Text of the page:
Family around the dinner table in a scene from “The Big Sick.”
In this just released movie – The Big Sick, the script of which Kumail co-wrote with his real-life wife Emily V. Gordon, he shares a journey about stand-up comedy, romance, and the lighter side of the Pakistani American experience in post 9/11 America. But before one proceeds, we need to add a disclaimer here. This is an American movie about a comedian trying to make it in this country, a somewhat his coming of age story, writes Ras H. Siddiqui.
There are at least two big names in American comedy from amongst South-Asians today (both Indian Americans) Aziz Ansari and Hasan Minhaj, who have already established themselves in mainstream entertainment. But a relative newcomer is slowly but surely adding his name to this group, Kumail Nanjiani who originates from the other side of the border was born in the city of Karachi, Pakistan
In this just released movie – The Big Sick, the script of which Kumail co-wrote with his real-life wife Emily V. Gordon, he shares a journey about stand-up comedy, romance, and the lighter side of the Pakistani American experience in post 9/11 America. But before one proceeds, we need to add a disclaimer here. This is an American movie about a comedian trying to make it in this country, a somewhat his coming of age story. That Kumail is also a Pakistani is almost secondary here, but it does add a remarkable twist to an interesting love story.
Nanjiani plays an enhanced version of himself in The Big Sick, and the film starts off with his standup routine where he is shown sharing his ethnic background, as someone who grew up playing Cricket, which is just a spicier version of baseball, and also praying a lot (both of which supposedly cover most of life there). His friends are also trying to make it. An important aspect of this film is the comradery amongst comedians. Kumail has three other friends who are also trying to break into the business. CJ (Bo Burnham), Mary (Aidy Bryant) and Chris (Kurt Braunohler) are all Kumail’s other family in The Big Sick. They add both substance and believability to the storyline. Plus, they are at times actually funny.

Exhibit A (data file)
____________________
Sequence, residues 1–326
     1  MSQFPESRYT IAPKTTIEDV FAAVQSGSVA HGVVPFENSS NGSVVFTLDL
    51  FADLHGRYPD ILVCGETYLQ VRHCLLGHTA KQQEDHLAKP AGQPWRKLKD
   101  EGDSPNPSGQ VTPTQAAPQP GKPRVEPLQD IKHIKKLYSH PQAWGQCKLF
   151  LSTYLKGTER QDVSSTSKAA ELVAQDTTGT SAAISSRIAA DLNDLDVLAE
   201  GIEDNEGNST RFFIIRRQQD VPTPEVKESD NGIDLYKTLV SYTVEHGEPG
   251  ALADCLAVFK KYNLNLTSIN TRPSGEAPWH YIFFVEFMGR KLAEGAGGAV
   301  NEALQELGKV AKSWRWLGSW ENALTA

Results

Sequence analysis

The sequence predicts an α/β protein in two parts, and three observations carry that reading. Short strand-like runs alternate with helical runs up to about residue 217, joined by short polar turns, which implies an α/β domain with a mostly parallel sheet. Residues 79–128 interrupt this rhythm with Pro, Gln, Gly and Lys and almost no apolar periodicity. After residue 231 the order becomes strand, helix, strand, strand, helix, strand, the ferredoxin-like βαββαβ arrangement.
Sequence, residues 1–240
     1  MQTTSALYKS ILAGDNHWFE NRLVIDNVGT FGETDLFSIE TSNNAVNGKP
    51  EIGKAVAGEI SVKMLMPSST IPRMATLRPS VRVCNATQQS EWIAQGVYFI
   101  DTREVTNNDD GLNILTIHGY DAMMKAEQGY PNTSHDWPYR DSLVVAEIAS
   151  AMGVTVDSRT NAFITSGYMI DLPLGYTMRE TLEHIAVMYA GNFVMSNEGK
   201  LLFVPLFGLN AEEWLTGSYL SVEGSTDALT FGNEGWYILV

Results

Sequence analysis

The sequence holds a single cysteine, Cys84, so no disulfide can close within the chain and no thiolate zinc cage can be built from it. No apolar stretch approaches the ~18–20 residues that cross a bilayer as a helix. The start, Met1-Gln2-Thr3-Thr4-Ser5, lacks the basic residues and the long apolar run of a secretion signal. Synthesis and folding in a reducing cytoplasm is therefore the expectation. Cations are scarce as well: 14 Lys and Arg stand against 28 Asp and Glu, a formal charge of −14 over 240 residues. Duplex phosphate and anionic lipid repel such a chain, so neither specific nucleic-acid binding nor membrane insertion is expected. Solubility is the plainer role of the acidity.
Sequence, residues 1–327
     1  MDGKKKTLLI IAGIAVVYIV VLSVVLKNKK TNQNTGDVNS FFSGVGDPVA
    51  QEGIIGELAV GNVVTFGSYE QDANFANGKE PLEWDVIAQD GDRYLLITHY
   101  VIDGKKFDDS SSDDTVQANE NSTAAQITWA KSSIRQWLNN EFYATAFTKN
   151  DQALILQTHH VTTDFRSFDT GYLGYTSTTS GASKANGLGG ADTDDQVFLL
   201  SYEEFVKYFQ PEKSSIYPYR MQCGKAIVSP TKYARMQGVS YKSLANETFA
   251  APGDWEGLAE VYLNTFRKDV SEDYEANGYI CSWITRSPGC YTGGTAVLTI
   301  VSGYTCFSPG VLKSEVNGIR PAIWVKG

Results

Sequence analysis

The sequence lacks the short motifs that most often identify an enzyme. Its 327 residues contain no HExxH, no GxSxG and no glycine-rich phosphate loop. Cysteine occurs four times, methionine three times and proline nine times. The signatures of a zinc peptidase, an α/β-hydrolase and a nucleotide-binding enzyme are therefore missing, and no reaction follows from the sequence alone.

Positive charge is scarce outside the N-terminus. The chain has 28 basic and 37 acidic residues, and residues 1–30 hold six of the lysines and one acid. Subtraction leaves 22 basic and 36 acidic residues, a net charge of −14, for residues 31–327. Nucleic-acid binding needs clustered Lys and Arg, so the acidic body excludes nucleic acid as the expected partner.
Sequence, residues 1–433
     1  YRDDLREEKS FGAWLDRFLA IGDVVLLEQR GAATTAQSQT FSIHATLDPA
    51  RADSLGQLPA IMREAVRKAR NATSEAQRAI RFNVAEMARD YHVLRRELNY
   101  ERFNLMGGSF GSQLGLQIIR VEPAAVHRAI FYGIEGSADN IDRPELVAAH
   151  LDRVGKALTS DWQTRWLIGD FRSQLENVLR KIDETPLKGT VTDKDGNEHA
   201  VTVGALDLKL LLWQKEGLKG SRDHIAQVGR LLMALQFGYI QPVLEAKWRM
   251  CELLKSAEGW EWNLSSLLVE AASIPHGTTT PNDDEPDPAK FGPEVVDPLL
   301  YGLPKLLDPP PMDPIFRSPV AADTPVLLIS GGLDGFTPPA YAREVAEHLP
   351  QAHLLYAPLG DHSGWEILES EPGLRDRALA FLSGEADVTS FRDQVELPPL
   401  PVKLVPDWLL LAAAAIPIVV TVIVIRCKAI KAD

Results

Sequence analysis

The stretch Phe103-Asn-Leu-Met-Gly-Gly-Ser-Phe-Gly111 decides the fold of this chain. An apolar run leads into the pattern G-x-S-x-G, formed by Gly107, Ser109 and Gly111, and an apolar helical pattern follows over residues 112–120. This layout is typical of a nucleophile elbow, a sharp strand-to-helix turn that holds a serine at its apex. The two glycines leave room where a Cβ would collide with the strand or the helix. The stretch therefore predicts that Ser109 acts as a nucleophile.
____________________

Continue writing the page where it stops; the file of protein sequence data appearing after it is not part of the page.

Kumail’s act includes talk of arranged marriage, drug use and some profanity to get laughs. There is also a rumor a possible big name in the crowd at an event who could launch comedy careers, but Kumail is not particularly impressive. And there is more. A young blonde decides to heckle him and that is Emily (Zoe Kazan). The night is young. Kumail uses his standard line about writing her name in Urdu and after shots of liquor they end up at his apartment for some casual and comic intimacy with no strings attached. Soon after she summons a standard Uber ride and guess what? Kumail is her driver. They do not exactly hit it off and decide not to see each other again. But it appears that they are both lying.
Kumail is next shown sitting around a table at home with his mother Sharmeen (Zenobia Schroff), father Azmat (Anupam Kher), brother Naveed (Adeel Akhtar) and sister in law Fatima (Shenaz Treasurywala). There is the standard South Asian desi table talk including a joke or two as his mom tells him to go and pray, and where kulfi ice cream and cricket also feature. And then there the stereotypical addition of his mother’s attempt to get him married to someone from his own community by having the doorbell ring and a girl just popping in to be introduced (I wonder who that could that be?). These attempts at arranged marriage do generate some interesting moments, but they are not succeeding as Kumail and Emily, who keep meeting in spite of saying that they will not, are almost reluctantly getting closer.